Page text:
This post is Part 5 in a series based on a presentation I recently did. The rest of the posts can be found here.
The longer I have been a renal patient and have got to know a very broad cross-section of our little “renal world”, the more motivated I’ve become to want to do something of value within this community, something to help other patients.
I know I’ve written before about how lucky I am that I’ve come into contact with a lot of other people, both patients and medical professionals, who want the same thing I do. These people have been prepared to give me a bit of a platform, not only at one-off events like SFOD and KQuiP, but also within more long-term commitments like serving on the committee for both the National Kidney Federation and my local Kidney Patients Association, as well as being involved in a project to improve post-transplant services for young adults in my area of the North West. It’s crazy how much you can do once you start to say yes!
Experiences like these have made me feel empowered. They have helped me deal with the reality that although I have a chronic health condition which has presented me with many challenges, none of this has to take over my life in a negative way. I can choose to use my experiences and circumstances to push me to do things I would never have otherwise had the confidence to do. Sometimes, I even feel like I get more out of volunteering than the charities do!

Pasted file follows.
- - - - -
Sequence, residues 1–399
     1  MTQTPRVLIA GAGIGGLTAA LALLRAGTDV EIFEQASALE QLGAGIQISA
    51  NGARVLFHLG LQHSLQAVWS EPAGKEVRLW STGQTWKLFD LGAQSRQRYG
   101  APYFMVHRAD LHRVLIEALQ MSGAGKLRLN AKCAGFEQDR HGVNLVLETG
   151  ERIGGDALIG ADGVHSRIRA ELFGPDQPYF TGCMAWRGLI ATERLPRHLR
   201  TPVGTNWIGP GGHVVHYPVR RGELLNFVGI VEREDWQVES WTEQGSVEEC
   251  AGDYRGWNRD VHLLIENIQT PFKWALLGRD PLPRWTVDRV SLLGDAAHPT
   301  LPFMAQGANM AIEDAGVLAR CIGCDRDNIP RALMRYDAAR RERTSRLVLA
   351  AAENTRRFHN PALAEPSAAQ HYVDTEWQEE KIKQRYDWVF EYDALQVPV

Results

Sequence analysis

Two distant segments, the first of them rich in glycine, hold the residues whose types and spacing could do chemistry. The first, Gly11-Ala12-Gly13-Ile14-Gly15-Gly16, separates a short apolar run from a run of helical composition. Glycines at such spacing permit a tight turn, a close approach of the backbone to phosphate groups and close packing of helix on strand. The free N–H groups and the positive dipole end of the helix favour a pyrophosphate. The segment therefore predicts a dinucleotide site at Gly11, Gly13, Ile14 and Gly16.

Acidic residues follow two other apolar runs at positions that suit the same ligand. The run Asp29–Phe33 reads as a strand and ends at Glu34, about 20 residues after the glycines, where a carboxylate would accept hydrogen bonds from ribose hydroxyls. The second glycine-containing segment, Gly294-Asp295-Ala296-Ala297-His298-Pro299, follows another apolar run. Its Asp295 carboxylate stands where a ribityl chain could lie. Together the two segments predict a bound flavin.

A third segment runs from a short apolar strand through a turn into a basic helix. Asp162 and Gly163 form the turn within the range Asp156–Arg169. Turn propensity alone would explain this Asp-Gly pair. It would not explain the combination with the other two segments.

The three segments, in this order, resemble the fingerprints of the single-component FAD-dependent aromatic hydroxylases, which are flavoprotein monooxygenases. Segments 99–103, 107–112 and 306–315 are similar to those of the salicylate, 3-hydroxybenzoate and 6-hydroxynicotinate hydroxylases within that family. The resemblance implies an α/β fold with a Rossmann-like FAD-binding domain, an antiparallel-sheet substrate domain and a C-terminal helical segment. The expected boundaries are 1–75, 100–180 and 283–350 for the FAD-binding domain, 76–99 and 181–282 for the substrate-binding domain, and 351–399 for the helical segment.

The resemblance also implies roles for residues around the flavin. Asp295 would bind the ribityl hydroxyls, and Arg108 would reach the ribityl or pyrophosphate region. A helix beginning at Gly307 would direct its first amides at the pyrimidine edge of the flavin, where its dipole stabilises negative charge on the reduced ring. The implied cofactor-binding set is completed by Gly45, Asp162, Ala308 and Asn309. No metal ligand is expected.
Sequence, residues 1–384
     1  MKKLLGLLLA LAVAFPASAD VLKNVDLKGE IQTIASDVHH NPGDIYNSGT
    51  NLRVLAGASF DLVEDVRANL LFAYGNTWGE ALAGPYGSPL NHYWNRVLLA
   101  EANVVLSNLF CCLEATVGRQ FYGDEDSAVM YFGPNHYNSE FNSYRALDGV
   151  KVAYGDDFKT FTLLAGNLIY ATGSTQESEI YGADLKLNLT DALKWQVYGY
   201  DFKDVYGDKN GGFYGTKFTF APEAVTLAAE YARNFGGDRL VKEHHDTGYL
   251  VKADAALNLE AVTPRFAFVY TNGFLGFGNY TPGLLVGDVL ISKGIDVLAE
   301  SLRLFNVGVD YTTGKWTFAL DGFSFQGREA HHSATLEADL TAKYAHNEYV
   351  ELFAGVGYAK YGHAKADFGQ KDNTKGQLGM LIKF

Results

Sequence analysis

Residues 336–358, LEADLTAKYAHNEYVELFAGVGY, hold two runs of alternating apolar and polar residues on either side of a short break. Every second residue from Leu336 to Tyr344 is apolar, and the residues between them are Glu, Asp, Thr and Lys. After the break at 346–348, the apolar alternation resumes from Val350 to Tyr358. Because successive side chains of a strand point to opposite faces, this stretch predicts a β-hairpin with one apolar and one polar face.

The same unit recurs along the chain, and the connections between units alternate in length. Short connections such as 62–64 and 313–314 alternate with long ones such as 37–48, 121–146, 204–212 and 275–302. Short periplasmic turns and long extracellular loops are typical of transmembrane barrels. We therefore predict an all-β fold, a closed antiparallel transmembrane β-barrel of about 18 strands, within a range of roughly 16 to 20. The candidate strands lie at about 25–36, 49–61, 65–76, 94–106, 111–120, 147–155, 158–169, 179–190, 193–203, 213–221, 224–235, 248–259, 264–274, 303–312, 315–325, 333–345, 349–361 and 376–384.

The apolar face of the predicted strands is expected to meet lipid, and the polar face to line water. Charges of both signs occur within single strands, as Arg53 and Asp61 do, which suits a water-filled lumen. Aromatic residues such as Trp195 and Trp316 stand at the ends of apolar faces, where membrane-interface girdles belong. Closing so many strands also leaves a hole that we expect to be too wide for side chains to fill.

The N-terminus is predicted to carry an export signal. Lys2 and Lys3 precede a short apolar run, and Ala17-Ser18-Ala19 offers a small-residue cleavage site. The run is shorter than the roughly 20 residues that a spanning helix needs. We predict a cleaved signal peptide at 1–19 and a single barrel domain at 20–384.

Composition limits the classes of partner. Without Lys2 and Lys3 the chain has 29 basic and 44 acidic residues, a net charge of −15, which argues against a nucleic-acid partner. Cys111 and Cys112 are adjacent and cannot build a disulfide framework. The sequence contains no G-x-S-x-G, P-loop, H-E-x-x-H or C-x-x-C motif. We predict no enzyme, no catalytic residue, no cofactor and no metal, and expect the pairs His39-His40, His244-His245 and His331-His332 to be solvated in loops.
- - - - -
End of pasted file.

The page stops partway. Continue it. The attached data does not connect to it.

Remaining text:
In my case, all it took was jumping off the cliff and saying “yes” to the first thing I was asked to be involved in. I was very apprehensive about it, as it wasn’t something I’d ever done before, let alone felt like I was any good at, but I ultimately realised that I may as well try it out anyway. If it didn’t suit me, I didn’t have to agree to anything similar again! How bad could one event possibly be!?
Let’s just say that I very quickly discovered that opportunities like this have a way of magically multiplying. The more I agreed to do, the more I was asked to do.
It’s no secret that my life isn’t suddenly perfect, my ducks are not in a row, I’m not “fixed”. A transplant is far from a magic cure-all. There have been various glitches along the way, but on the whole, things are good. My life certainly hasn’t turned out the way I thought it would, but it is full of things that make it worthwhile.
Seven months after my transplant, I wrote to the family of my donor. In part of my letter, I told them that I hoped I’d be able to do something in my life that honoured his. I hope that taking advantage of some of these opportunities goes some way towards fulfilling that.
For anybody reading this who thinks they might want to volunteer in some capacity, whether it be at a specific event, on behalf of a charity, with NHSBT or at something else entirely, my advice would be to just START. Send that email, make that phone call, visit that recruitment event. Do not fall into the trap of thinking you have nothing to offer. Volunteering won’t look the same for everybody, there are so many different ways to be involved. If you start to ask around, you might be surprised by where you realise that you fit.